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What is a Statute of Limitations?

STATUTES OF LIMITATION LIMIT THE TIME A PERSON HAS TO BRING A LEGAL CLAIM OR ACTION

Generally speaking, the law favors certainty. For this reason, the law disfavors people being required to defend a lawsuit after too much time has expired. When lawsuits are not brought within a reasonable time, it becomes more difficult to determine the truth (and, in some cases, to collect a judgment).

For this reason, the law often limits the amount of time people have to bring a claim against a person, corporation, or other defendant. These legal limitations periods are created by statutes (laws, usually passed by a legislature rather than established in a judge’s ruling), which is why they are called statutes of limitation.

 

THE “STATUTE OF LIMITATIONS” IS ACTUALLY MORE THAN A SINGLE LAW

The term “statute of limitations” refers to a statute–a law–that limits the time a person has to bring a lawsuit or legal claim. In reality, state and federal codes of law contain numerous statues of limitations, which apply to different types of claims.

 

DIFFERENT STATUTES OF LIMITATIONS APPLY TO DIFFERENT KINDS OF CLAIMS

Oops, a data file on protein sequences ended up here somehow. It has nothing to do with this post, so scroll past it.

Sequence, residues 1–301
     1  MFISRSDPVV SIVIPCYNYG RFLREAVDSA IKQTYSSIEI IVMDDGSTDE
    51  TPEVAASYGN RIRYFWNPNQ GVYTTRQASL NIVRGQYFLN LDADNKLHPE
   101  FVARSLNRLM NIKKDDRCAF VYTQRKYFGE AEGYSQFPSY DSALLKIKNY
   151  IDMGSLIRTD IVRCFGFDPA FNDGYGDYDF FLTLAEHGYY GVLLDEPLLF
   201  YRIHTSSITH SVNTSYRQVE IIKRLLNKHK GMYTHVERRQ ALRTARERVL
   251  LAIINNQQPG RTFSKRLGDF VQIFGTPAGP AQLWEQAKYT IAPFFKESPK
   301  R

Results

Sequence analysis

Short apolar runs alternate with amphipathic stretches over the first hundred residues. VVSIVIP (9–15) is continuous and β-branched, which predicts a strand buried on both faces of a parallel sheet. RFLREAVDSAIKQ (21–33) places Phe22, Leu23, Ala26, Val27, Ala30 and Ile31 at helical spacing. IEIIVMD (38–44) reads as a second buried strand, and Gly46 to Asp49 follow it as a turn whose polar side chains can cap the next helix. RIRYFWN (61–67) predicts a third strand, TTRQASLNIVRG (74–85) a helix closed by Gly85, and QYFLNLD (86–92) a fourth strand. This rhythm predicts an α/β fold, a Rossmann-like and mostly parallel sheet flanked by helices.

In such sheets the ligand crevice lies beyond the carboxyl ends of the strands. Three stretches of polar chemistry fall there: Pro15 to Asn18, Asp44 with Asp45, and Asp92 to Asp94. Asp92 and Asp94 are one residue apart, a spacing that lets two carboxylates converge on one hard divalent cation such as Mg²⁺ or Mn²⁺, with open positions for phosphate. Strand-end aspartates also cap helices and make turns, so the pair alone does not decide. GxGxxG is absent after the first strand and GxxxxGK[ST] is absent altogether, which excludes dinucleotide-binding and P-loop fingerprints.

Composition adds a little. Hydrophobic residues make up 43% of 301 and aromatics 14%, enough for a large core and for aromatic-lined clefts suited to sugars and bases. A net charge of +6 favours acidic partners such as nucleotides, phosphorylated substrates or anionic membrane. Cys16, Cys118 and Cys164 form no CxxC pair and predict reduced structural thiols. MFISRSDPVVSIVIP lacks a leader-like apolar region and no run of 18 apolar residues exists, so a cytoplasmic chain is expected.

Statutes of limitation vary, depending on the type of claim. Waiting beyond the period mentioned in the relevant statute usually results in loss of the claim – in simple terms: if you wait too long to sue, or to make a claim for damages, you may lose the right to bring any claim at all. This is why it’s critical for people to consult an experienced attorney as soon as possible after suffering injury or damages, or when a person believes (s)he may have a legal claim.

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Disclaimer: THIS ARTICLE IS FOR INFORMATIONAL PURPOSES ONLY, AND DOES NOT CONSTITUTE LEGAL ADVICE OR CREATE AN ATTORNEY-CLIENT RELATIONSHIP BETWEEN THE AUTHOR OR ROSS LAW AND ANY PERSON. Your rights and experiences may vary. Never use an online article (including this one) to evaluate your legal claims. Speak with an experienced lawyer promptly to obtain a personalized evaluation of your claims, possible damages, and options. You may lose or compromise your rights if you delay in consulting legal counsel. Most legal claims (and defenses) are complicated and fact-dependent. If you believe you have a claim against someone who injured you, a lawyer who represented you in a previous lawsuit, or any other type of legal claim, consult an experienced lawyer immediately for an evaluation of your personal rights and claims.

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